Running head: Research Paper Ã¯Â¿Â½ PAGE \* MERGEFORMAT Ã¯Â¿Â½1Ã¯Â¿Â½ Research Paper Ã¯Â¿Â½ PAGE \* MERGEFORMAT Ã¯Â¿Â½2Ã¯Â¿Â½
Research Paper: Effects of Reading to Infants and Toddlers on Their Early Language Development
Reading begins the journey through one's language development stages, and the language development begins with reading to our children. Reading to young children is essential to early literacy, language development, and reading readiness. Reading to an infant gives him or her comforting contact. As well as establishes an early reading routine, and this helps make future reading comfortable and fun. As an infant becomes a toddler and older, reading opens him or her to new ideas. It helps the child become more familiar with the sounds and rhythms of the language (Healthwise Staff, 2012).
Books are the perfect language-learning tool. Book reading consistently has been found to have the power to create interactional contexts that nourish language development.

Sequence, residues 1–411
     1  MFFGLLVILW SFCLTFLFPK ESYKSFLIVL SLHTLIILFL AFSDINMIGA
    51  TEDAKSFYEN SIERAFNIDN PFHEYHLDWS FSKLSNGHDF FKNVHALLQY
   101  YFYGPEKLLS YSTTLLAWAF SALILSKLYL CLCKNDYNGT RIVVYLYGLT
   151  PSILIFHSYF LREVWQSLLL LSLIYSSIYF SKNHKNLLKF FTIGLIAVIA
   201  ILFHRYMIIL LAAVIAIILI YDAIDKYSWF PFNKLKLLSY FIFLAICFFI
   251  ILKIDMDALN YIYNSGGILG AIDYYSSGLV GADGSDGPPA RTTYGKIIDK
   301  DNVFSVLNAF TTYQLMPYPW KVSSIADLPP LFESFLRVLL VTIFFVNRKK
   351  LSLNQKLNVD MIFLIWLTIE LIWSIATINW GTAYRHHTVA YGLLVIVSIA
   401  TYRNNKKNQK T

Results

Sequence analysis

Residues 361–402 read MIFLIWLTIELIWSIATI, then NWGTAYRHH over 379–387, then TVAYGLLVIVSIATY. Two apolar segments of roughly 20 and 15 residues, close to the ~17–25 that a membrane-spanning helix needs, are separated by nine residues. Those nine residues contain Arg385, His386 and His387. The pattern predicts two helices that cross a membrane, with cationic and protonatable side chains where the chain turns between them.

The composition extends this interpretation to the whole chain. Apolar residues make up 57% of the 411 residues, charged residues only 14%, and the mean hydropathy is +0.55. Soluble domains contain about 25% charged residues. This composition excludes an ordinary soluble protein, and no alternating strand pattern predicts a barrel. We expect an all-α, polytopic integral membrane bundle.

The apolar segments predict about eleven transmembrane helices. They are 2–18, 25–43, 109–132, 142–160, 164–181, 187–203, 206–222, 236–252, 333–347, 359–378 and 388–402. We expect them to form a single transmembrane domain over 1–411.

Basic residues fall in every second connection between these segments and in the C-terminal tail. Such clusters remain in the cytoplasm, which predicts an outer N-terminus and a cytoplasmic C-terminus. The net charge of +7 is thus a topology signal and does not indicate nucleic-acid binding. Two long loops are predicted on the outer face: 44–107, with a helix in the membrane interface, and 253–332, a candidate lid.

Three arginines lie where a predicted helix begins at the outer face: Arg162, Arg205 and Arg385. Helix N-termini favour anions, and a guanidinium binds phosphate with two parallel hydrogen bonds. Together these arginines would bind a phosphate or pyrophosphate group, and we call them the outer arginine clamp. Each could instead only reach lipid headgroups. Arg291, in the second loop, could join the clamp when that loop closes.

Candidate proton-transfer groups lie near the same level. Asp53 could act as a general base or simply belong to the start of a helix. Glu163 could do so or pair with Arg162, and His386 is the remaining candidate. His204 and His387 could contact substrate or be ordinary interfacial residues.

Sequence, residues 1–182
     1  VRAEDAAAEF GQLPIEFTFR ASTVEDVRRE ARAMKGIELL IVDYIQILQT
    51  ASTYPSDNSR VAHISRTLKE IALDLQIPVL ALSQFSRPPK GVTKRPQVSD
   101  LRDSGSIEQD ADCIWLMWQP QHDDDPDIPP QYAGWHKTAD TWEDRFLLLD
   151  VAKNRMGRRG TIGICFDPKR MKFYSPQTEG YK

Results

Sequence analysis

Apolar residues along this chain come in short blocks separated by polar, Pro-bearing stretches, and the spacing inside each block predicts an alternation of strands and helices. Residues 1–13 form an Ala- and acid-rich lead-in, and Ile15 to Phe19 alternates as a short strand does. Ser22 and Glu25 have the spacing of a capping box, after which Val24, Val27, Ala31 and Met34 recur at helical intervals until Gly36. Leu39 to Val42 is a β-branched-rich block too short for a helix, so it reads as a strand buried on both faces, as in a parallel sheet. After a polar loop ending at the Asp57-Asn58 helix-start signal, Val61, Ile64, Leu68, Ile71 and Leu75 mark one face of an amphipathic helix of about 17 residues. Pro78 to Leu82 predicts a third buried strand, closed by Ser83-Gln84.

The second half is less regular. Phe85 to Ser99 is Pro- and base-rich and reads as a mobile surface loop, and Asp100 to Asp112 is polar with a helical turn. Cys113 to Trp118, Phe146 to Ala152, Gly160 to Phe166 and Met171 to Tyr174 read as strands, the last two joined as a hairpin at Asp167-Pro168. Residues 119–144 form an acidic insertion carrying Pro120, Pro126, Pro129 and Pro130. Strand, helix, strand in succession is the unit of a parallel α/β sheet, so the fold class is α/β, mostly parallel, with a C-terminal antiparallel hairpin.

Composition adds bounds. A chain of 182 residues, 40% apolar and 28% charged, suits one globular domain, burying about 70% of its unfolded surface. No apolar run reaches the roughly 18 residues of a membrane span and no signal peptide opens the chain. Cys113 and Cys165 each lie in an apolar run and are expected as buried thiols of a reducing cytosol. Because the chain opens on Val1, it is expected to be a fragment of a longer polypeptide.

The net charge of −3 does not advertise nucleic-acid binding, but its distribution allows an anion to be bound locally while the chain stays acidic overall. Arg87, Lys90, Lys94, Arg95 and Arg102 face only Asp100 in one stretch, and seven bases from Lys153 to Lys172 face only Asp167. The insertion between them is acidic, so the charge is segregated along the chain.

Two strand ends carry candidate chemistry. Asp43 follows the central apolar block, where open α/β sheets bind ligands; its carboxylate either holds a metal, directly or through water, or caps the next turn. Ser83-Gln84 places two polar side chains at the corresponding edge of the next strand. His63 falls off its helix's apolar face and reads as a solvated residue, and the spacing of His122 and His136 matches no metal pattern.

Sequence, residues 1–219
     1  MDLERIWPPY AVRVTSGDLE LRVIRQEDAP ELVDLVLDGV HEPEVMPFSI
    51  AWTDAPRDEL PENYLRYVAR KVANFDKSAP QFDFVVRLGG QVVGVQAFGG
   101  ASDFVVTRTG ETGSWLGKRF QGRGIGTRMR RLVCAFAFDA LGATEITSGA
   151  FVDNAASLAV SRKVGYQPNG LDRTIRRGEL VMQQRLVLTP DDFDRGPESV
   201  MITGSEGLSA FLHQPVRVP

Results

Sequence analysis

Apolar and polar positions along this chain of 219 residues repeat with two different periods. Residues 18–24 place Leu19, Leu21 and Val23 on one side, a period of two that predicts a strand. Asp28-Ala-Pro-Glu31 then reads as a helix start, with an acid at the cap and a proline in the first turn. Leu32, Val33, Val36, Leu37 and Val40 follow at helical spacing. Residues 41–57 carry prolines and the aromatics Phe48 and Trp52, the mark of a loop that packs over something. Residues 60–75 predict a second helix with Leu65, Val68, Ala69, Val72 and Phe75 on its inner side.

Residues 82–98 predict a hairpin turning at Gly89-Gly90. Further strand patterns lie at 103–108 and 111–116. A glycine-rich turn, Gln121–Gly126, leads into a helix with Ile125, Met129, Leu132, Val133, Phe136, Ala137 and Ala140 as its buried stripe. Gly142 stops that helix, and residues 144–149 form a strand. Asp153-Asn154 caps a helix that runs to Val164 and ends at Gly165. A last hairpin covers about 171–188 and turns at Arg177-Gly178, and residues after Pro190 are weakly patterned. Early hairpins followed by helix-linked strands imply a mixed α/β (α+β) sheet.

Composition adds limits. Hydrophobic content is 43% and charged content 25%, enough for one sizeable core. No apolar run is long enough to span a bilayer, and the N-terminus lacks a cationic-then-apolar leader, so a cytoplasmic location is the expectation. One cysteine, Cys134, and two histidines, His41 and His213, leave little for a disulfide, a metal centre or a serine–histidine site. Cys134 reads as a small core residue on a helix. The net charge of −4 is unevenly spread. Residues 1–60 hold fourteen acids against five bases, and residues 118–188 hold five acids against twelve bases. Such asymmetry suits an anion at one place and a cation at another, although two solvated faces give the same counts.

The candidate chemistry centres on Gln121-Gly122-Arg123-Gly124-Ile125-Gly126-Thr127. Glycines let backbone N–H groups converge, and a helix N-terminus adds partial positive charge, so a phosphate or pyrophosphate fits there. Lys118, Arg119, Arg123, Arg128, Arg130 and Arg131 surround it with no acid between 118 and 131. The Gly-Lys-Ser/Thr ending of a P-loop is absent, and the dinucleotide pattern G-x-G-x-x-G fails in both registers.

One reason reading is effective at promoting language in infants and toddler is because books expose children to many new words. This is because books often include unfamiliar words, they repeat the same words in a variety of sentences throughout the book, which helps children understand the words and offer opportunities for children to hear the same words over and over again with repeated readings.
According to Lowry (2011), the average child's vocabulary when he starts school is roughly 5000 words, this means that between the ages of one and five, children learn (on average) approximately 3.5 words every day. In order for this to happen, children need lots of exposure to language. And it's not just how much children hear, but also what they hear that matters. So as a result, reading to a child builds their vocabulary.
Reading also helps foster language development because children learn words when...